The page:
Imagine putting the brain power and skill of the world’s best surgeons into a robot that could perform surgery better than human doctors. At Children’s National Medical Center in Washington, DC, scientists built a robotic system that can do just that.
The “Smart Tissue Autonomous Robot,” or STAR system, is programmed to autonomously execute surgery on soft tissue. In its early testing, it’s being tasked with procedures on pig intestines. Researchers compared the outcome from STAR’s surgeries to others performed by humans, including robot-assisted surgery, and found that STAR was more successful. Their work was published in Science Translational Medicine this week.
Current robotic surgery techniques like the Da Vinci System still rely on humans to control them—robots are an extension of surgeon’s vision and dexterity, executing tasks that the surgeon’s hands are controlling. With STAR, the entire procedure is done autonomously, controlled by an algorithm and executed with the help of infrared cameras and 3D-imaging.
“You can potentially have a clinical outcome or functional outcome that’s better than it’s ever been done before using currently clinical standards.”
As Dr. Peter Kim, vice president of the Sheikh Zayed Institute for Pediatric Surgical Innovation at Children’s National, explained, while surgical approaches have changed through the decades—like manual, minimally invasive, or robotic-assisted surgery—the complication rates have not decreased. Researchers aim to use STAR to result in better outcomes for patients.
The STAR approach is the first automated surgical system and improves upon existing robotic systems by changing the vision, dexterity, and intelligence of the hardware itself. STAR contains a lightweight robot arm (the LWR4+ from KUKA Robotics), with a suturing tool on the end. The tool is powered by microcontrollers and two motors, one that maintains articulation, and another that controls the needle.
The bot doesn’t know where things exist in space, so in order to understand where to execute surgery, a camera creates a 3D-point cloud that allows the robot to reference objects, or tissue, in a way it understands. Then, fluorescent dyes are added to the tissue giving STAR reference points for sutures which it can see through a near-infrared camera.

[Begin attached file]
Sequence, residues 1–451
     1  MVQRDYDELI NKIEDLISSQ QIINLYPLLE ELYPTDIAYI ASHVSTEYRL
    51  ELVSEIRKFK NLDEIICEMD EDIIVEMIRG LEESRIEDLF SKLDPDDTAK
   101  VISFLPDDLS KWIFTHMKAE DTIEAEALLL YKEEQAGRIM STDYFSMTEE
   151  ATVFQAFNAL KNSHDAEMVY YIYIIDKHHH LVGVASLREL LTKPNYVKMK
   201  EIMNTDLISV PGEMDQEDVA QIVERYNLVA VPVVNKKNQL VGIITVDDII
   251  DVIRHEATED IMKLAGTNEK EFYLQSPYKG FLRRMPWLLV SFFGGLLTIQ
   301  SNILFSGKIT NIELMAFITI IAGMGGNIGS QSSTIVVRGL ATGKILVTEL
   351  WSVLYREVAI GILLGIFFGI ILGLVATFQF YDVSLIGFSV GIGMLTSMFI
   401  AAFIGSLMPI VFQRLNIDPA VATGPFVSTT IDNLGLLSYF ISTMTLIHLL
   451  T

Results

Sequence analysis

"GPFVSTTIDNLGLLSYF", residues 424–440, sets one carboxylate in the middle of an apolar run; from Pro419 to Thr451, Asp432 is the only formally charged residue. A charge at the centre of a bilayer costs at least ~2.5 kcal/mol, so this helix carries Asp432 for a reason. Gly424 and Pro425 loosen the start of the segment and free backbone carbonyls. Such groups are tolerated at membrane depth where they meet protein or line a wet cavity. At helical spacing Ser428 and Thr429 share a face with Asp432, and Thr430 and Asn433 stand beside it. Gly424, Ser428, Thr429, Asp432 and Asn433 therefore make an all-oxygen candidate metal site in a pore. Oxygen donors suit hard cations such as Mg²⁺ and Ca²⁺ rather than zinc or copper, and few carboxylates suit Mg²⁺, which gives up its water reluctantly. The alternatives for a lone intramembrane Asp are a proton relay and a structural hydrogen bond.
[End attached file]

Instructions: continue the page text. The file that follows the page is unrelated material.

Essentially, the imaging system gives the robot super-human vision capabilities, and can precisely track dynamic changes in the tissue that, to humans, looks pink, squishy, and bloody. A haptic sensor improves the robot’s dexterity as it gently performs its actions.
What’s most interesting, Kim said, is the software that controls it all.
“When you add a little bit of intelligence to the tool itself, and if you improve the vision part, and then improve on the dexterity part, you can potentially have a clinical outcome or functional outcome that’s better than it’s ever been done before using current clinical standards,” he said in an interview. “[It can] mitigate against complications like leaks, or things getting disrupted.”
The algorithm that controls the robot is based on the surgeons’ consensus of the best techniques, reported literature, the size of the tubular tissue, and the degree of formability and mobility.
Essentially, the software is programmed to execute surgery the way the world’s best surgeons would. If the tissue moves, the vision system lets the robot see the changes, and it automatically adjusts suture placement, and continues on.
Kim said 60 percent of the time the machine executed the procedures autonomously, and 40 percent of the time, researchers checked to make sure it was executing correctly and made minor adjustments if necessary. When compared to human surgeons, STAR performed better based on measuring the quality of the sutures, suturing space, pressure it takes to cause a leak, and any hesitations or mistakes.
The algorithm is pre-programed for each surgery, meaning STAR isn’t artificially intelligent, yet. Kim said the goal is to have STAR systems learn from each surgery and develop better, more accurate and safe procedures overtime.
“In the future, what I would love to see, is anytime anyone uses a machine like this, it’s stored in a cloud, so that it will develop cumulative knowledge based off all surgeons currently practicing,” he said. “Wouldn’t it be nice to get the best decision based on collective experience.”
Eventually, these robots could change and improve care in areas where access to the best doctors isn’t possible. For instance, getting patients world-class care without needing to transport them to top surgical facilities would be a huge advantage.
Kim said surgeons shouldn’t worry about robots leaving them jobless, as these autonomous systems will create new opportunities to work with machines and intelligent technologies. And ultimately, it benefits the patient by providing improved care and reduce complications.
“Human touch and compassion and care will be better if outcomes are better,” he said. “This enables you to have a conversation with your patients with a positive outcome, rather than saying, ‘I tried this, and it didn’t quite work out, but I still cared for you,’ kind of argument.”
There is no timeline for when STAR will be tested on human patients, but Kim said it’s possible in the next few years. Now that the STAR system already outperformed humans, it’s entirely possible that the top surgeons of the future will be robots.